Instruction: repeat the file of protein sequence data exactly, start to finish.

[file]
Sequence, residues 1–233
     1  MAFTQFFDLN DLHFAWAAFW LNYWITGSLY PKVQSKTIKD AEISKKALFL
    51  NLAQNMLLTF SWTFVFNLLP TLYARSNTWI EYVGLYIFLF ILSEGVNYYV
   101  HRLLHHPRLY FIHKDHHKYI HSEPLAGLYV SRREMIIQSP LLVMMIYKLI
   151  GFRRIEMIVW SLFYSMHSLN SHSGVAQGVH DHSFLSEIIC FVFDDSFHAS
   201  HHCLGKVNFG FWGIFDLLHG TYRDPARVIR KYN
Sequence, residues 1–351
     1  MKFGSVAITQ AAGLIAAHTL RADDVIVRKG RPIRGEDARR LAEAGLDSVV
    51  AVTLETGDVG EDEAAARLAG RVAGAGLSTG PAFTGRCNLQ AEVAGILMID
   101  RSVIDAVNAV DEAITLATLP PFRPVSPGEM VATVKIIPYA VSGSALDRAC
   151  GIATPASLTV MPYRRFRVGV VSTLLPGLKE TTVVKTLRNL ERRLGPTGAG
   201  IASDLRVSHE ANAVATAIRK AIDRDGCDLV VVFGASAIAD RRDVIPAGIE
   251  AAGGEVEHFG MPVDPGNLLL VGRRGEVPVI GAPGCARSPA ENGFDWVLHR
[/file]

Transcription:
Sequence, residues 1–233
     1  MAFTQFFDLN DLHFAWAAFW LNYWITGSLY PKVQSKTIKD AEISKKALFL
    51  NLAQNMLLTF SWTFVFNLLP TLYARSNTWI EYVGLYIFLF ILSEGVNYYV
   101  HRLLHHPRLY FIHKDHHKYI HSEPLAGLYV SRREMIIQSP LLVMMIYKLI
   151  GFRRIEMIVW SLFYSMHSLN SHSGVAQGVH DHSFLSEIIC FVFDDSFHAS
   201  HHCLGKVNFG FWGIFDLLHG TYRDPARVIR KYN
Sequence, residues 1–351
     1  MKFGSVAITQ AAGLIAAHTL RADDVIVRKG RPIRGEDARR LAEAGLDSVV
    51  AVTLETGDVG EDEAAARLAG RVAGAGLSTG PAFTGRCNLQ AEVAGILMID
   101  RSVIDAVNAV DEAITLATLP PFRPVSPGEM VATVKIIPYA VSGSALDRAC
   151  GIATPASLTV MPYRRFRVGV VSTLLPGLKE TTVVKTLRNL ERRLGPTGAG
   201  IASDLRVSHE ANAVATAIRK AIDRDGCDLV VVFGASAIAD RRDVIPAGIE
   251  AAGGEVEHFG MPVDPGNLLL VGRRGEVPVI GAPGCARSPA ENGFDWVLHR